Event Title

Mapping evidence of historical and potential wildfire for climate change and fuels mitigation in the montane forests of the Colorado Front Range

Presenter Information

Rosemary Sherriff

Location

USU Eccles Conference Center

Event Website

www.restoringthewest.org

Streaming Media

Abstract

A driving factor for fuels reduction is the belief that increases in woody biomass have resulted in a greater risk of severe wildfire. In this research, we compared spatial models of present-day wildfire potential under extreme (99th percentile) weather scenarios and historical fire severity in a >562,000 ha study area in the Colorado Front Range characterized by ponderosa pine and mixed conifer cover types. We then verified these models using fire severity from four large recent fires, and then compared the wildfire potential models to a spatial model of historical fire severity. The model of historical fire severity was based on data from 232 fire history-age structure sites in which topographic variables were used to predict the spatial pattern of historical fire severity across the study area. Under extreme weather conditions, approximately one-third of the study area exhibited the potential for low-severity (surface) fire and two-thirds showed the potential for mixed-severity (torching to crown) fire. The results indicate strong spatial overlap of reconstructed fire regimes and present-day wildfire potential: crown fire potential today is associated with higher-severity fire historically (>80% overlap). Our results indicate <20% of the area has shifted from an historical low-severity fire regime to present-day risk of higher severity under extreme weather conditions. The areas of greatest change are at low elevation, and along the plains-grassland ecotone, where there have been substantial changes related to grazing and fire-exclusion policies. As the temperatures under extreme conditions from ca. 1964-2007 are similar to 39th percentile conditions predicted by the IPCC for 2100, the extreme fuel conditions described in this study are likely to become average conditions in the future.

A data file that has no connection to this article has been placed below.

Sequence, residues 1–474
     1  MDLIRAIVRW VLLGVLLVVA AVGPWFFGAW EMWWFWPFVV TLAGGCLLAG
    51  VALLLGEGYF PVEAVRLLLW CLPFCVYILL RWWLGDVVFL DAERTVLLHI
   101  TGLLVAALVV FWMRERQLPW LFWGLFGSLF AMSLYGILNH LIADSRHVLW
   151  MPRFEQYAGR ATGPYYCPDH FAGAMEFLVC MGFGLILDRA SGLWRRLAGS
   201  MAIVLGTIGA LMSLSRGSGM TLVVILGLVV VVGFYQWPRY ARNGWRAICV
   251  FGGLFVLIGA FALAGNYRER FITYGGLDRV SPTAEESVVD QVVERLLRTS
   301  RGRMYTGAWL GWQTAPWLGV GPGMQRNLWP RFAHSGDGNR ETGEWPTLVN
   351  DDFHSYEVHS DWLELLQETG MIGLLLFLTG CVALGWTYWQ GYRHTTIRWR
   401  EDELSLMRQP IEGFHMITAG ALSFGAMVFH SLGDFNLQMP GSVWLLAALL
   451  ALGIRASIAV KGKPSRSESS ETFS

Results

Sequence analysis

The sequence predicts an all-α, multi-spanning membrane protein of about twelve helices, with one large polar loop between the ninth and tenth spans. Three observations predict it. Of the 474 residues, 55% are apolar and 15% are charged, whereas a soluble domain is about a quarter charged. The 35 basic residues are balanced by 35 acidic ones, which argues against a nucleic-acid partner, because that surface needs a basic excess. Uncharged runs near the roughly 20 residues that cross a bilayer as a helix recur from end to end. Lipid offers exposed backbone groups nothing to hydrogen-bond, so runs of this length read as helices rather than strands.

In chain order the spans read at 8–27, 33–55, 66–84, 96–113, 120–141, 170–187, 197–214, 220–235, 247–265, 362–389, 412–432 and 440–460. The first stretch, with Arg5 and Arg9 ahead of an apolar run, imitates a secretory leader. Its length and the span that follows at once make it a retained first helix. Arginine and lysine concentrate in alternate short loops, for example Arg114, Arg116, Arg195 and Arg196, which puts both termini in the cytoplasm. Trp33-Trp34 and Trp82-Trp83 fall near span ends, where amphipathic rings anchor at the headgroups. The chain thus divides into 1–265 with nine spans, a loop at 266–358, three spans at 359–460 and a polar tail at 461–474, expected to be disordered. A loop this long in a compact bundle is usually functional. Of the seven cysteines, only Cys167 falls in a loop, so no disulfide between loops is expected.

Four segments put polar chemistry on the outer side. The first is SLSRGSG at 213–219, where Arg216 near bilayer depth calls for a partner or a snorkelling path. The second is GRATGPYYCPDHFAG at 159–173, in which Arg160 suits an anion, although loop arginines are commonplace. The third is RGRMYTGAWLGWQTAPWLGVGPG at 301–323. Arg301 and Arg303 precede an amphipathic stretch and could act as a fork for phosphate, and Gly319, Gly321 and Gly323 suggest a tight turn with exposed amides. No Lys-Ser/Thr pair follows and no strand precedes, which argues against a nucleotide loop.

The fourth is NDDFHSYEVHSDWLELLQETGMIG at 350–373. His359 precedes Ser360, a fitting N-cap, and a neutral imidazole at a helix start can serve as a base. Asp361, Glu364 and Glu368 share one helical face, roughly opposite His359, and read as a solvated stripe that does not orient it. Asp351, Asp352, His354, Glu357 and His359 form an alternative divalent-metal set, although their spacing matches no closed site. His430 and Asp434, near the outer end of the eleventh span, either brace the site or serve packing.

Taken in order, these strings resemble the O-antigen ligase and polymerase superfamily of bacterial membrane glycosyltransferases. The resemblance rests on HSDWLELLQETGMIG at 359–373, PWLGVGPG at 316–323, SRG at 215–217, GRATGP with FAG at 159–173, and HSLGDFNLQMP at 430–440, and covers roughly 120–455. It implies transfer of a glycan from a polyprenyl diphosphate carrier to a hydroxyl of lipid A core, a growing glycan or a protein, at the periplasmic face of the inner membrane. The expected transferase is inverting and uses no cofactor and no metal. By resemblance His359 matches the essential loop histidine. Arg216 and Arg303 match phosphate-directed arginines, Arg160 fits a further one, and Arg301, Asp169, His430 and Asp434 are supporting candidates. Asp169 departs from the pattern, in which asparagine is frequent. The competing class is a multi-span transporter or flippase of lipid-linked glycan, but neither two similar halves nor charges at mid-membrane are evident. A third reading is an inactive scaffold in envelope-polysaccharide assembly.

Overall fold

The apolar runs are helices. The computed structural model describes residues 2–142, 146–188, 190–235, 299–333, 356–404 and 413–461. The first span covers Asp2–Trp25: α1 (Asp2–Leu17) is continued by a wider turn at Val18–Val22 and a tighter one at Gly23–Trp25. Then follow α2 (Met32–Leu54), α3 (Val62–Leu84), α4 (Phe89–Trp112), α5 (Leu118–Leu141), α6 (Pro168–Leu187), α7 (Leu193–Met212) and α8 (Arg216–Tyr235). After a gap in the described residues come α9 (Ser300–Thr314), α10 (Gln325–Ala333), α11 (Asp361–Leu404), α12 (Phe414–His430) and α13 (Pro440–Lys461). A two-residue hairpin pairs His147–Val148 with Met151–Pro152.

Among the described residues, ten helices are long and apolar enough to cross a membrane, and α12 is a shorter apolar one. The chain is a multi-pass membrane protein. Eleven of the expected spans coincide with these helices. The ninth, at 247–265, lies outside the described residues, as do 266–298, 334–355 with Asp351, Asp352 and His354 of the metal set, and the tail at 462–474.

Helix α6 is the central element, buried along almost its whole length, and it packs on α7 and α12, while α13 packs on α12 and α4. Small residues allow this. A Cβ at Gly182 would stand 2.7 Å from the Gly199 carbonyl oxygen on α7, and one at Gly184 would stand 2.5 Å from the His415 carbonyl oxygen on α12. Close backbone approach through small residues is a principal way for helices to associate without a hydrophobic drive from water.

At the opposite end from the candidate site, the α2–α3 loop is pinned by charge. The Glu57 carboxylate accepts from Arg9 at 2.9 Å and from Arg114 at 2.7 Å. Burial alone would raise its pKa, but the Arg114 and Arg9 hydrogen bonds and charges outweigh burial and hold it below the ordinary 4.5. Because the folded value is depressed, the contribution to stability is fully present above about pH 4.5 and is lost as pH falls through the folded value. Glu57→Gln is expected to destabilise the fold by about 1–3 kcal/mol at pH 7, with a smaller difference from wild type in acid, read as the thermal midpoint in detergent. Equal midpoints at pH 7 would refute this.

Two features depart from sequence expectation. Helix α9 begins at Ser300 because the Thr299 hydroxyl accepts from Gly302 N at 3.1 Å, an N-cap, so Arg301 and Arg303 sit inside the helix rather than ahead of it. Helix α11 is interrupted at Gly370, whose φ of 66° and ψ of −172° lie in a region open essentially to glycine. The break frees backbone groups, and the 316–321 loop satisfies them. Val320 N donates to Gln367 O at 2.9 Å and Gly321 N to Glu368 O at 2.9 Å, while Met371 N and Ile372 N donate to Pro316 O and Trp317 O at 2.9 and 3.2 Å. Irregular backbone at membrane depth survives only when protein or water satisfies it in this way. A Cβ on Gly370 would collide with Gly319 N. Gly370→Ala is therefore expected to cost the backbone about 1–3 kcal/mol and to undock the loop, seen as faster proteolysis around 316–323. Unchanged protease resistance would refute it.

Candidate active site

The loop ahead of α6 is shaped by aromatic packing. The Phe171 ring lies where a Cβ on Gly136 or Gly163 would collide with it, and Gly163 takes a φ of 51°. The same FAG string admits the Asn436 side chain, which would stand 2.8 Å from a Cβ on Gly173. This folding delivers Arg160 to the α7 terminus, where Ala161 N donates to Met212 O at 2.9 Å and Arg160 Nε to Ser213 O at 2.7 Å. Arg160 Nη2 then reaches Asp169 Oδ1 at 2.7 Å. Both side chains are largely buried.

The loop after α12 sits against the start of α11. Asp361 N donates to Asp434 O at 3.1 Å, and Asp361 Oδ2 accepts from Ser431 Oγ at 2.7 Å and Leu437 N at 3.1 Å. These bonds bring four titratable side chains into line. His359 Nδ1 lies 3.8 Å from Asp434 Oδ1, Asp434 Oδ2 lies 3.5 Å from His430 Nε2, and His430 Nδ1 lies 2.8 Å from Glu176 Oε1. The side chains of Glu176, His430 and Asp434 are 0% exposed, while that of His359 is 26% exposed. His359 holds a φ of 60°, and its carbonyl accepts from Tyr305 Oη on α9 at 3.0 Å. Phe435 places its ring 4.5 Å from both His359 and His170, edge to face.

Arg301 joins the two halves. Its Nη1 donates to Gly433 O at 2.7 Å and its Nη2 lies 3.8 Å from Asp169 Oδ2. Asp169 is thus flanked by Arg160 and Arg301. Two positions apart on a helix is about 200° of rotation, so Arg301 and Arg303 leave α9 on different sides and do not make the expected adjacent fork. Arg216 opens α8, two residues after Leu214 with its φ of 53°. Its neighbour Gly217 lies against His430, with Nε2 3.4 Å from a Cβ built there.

This document is currently not available here.

Share

COinS
 
Oct 17th, 1:30 PM Oct 17th, 2:00 PM

Mapping evidence of historical and potential wildfire for climate change and fuels mitigation in the montane forests of the Colorado Front Range

USU Eccles Conference Center

A driving factor for fuels reduction is the belief that increases in woody biomass have resulted in a greater risk of severe wildfire. In this research, we compared spatial models of present-day wildfire potential under extreme (99th percentile) weather scenarios and historical fire severity in a >562,000 ha study area in the Colorado Front Range characterized by ponderosa pine and mixed conifer cover types. We then verified these models using fire severity from four large recent fires, and then compared the wildfire potential models to a spatial model of historical fire severity. The model of historical fire severity was based on data from 232 fire history-age structure sites in which topographic variables were used to predict the spatial pattern of historical fire severity across the study area. Under extreme weather conditions, approximately one-third of the study area exhibited the potential for low-severity (surface) fire and two-thirds showed the potential for mixed-severity (torching to crown) fire. The results indicate strong spatial overlap of reconstructed fire regimes and present-day wildfire potential: crown fire potential today is associated with higher-severity fire historically (>80% overlap). Our results indicate <20% of the area has shifted from an historical low-severity fire regime to present-day risk of higher severity under extreme weather conditions. The areas of greatest change are at low elevation, and along the plains-grassland ecotone, where there have been substantial changes related to grazing and fire-exclusion policies. As the temperatures under extreme conditions from ca. 1964-2007 are similar to 39th percentile conditions predicted by the IPCC for 2100, the extreme fuel conditions described in this study are likely to become average conditions in the future.

https://digitalcommons.usu.edu/rtw/2013/October17/5